INTERVIEW: ‘Into the Abyss’ director Werner Herzog

Posted by · 10:22 am · September 6th, 2011

Telluride Film Festival

Legendary filmmaker Werner Herzog first attended the Telluride Film Festival at its second annual way back in 1975. He brought with him “Aguirre, the Wrath of God,” which would not be released in the US for another two years, and “The Enigma of Kaspar Hauser.” He was also set to receive a tribute, still at the beginnings of his career. He has come back almost every year since, and almost every year with a new film to show audiences.

The film he brought to the 38th annual fest is perhaps his most accomplished documentary in some time: “Into the Abyss: A Tale of Death, a Tale of Life.” It was, as outlined from the mountains, my favorite film of the festival and a testament to Herzog’s powers of observation and reverence for everyday people and their plights.

It seemed to me that, while I greatly enjoy writing up interview pieces that pull the layers of a subject back in the written word, a person like Herzog simply must be heard. The shifts from cerebral consideration to childlike awe and excitement over what he discovers and learns in his filmmaking adventures are better served by his voice, not that voice distilled through my own. So below, have a listen to my discussion with Herzog from Sunday afternoon at the fest. It was the day before his 69th birthday, a day he typically celebrates in Telluride amongst the cinephiles.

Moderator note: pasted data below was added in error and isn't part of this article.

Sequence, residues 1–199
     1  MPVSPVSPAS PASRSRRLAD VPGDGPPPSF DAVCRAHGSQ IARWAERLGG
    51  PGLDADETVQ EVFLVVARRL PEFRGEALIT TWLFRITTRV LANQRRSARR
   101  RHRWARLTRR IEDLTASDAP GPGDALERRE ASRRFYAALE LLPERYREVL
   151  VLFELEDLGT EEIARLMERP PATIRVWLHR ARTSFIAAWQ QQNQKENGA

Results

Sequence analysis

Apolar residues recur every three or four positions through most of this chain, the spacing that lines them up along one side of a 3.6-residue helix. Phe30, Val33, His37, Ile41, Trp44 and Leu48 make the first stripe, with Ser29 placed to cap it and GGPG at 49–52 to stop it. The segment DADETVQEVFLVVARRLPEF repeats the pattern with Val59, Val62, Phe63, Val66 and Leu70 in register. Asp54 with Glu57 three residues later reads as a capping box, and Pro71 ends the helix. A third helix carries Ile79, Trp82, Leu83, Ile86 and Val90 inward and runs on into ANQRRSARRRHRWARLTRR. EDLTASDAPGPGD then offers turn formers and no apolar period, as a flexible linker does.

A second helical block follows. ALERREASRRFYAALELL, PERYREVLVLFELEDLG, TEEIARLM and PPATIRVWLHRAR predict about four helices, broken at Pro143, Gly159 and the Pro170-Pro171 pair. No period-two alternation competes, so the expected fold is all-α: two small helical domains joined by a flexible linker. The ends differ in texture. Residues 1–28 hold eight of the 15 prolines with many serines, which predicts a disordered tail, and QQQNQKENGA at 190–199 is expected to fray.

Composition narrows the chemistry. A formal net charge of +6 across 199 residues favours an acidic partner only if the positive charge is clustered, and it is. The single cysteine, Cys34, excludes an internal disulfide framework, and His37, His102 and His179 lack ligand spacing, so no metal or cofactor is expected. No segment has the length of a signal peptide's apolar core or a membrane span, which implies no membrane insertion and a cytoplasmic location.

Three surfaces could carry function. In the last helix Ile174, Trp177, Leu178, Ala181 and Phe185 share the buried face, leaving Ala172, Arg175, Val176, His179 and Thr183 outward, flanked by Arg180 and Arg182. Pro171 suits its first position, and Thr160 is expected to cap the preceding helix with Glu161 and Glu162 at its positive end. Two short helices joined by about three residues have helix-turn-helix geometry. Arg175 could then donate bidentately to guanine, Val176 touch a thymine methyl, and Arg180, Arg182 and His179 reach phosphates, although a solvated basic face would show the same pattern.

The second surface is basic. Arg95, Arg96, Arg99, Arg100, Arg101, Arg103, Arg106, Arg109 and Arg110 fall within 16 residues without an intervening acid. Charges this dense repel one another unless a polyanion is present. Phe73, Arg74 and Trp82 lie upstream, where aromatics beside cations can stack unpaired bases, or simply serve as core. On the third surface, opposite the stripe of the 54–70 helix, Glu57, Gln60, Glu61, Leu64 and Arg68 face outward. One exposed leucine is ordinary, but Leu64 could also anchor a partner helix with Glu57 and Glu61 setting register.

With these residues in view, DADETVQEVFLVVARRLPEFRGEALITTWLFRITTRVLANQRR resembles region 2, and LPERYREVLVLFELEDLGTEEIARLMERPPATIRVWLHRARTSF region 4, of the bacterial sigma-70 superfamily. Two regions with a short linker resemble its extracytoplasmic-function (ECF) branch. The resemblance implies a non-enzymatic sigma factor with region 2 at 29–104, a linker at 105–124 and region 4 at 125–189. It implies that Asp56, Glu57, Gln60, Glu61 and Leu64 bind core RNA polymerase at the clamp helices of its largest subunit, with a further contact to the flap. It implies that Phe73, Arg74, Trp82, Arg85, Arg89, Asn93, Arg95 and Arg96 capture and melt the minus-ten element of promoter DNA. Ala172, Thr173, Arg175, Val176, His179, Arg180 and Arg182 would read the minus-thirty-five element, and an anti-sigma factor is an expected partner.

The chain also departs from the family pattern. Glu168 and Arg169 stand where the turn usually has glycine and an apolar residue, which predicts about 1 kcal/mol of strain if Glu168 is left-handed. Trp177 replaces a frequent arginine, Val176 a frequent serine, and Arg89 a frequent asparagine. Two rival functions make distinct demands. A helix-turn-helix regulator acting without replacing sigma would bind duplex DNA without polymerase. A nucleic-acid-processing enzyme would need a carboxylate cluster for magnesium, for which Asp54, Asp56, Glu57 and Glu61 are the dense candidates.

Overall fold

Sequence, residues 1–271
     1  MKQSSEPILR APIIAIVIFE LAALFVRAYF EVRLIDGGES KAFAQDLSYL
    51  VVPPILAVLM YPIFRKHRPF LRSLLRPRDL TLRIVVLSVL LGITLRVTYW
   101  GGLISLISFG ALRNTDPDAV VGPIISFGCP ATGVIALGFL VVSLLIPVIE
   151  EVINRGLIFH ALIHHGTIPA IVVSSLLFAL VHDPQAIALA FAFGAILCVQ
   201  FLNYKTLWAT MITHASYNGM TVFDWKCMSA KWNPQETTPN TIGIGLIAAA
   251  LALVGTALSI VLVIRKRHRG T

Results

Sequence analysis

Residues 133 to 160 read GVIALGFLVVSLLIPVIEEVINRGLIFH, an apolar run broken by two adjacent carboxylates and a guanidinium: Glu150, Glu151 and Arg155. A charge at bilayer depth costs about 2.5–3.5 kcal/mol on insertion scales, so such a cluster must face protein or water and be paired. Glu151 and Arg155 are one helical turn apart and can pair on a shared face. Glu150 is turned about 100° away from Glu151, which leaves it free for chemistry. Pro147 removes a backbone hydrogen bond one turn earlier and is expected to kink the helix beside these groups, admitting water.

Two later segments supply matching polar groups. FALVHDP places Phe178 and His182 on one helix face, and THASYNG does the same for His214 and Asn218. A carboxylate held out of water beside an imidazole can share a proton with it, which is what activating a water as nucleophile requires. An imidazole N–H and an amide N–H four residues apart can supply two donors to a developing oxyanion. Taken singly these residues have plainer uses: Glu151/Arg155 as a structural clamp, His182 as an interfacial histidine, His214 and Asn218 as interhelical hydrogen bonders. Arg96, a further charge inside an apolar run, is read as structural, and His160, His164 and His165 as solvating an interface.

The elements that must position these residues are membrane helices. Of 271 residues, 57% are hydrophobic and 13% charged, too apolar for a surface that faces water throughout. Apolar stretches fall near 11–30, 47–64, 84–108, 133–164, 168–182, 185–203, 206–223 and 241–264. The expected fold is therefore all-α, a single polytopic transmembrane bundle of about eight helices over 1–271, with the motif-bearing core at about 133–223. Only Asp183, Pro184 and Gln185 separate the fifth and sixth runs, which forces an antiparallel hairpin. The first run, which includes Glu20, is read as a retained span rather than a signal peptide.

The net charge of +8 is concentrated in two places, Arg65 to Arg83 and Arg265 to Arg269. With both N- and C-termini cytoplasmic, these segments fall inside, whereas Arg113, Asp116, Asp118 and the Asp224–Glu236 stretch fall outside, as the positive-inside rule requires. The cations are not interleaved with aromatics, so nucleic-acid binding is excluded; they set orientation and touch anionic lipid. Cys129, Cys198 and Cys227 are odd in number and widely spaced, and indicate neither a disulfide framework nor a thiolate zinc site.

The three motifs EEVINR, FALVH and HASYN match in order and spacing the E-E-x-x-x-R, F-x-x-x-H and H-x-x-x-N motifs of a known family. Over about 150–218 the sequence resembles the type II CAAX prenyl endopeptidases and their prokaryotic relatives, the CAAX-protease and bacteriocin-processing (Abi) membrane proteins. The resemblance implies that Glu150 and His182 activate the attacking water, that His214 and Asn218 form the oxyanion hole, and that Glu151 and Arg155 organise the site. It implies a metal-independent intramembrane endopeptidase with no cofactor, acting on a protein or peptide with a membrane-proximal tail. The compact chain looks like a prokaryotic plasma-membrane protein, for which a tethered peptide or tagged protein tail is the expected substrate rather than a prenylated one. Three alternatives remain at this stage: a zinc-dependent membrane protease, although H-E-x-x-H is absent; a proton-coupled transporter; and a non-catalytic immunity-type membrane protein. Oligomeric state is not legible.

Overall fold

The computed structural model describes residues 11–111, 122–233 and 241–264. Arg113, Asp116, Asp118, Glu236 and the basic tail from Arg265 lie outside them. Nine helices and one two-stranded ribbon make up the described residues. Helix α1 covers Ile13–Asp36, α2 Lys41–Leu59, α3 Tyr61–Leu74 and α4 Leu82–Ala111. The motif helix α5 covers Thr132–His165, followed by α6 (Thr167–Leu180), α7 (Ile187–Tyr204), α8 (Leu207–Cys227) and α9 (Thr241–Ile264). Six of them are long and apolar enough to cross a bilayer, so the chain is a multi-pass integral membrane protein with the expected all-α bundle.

Additionally, here are two clips from the film, which do a nice job of illustrating the balance afforded to the material by Herzog:

“Into the Abyss: A Tale of Death, a Tale of Life” will play the Toronto film festival later this week. It will be released domestically by Sundance Selects.

[Photo: Sundance Selects]

1 Comment Tags: , , , , | Filed in: Interviews

1 response so far

  • 1 9-07-2011 at 7:03 am

    Emmanuel said...

    Thank you so much for sharing you interview with us. Great insights from Herzog. Looking forward to this one. I recently watched Errol Morris’ “First Person” TV series on DVD and this film/TV series from Herzog sounds like it will offer similar philosophical enrichment.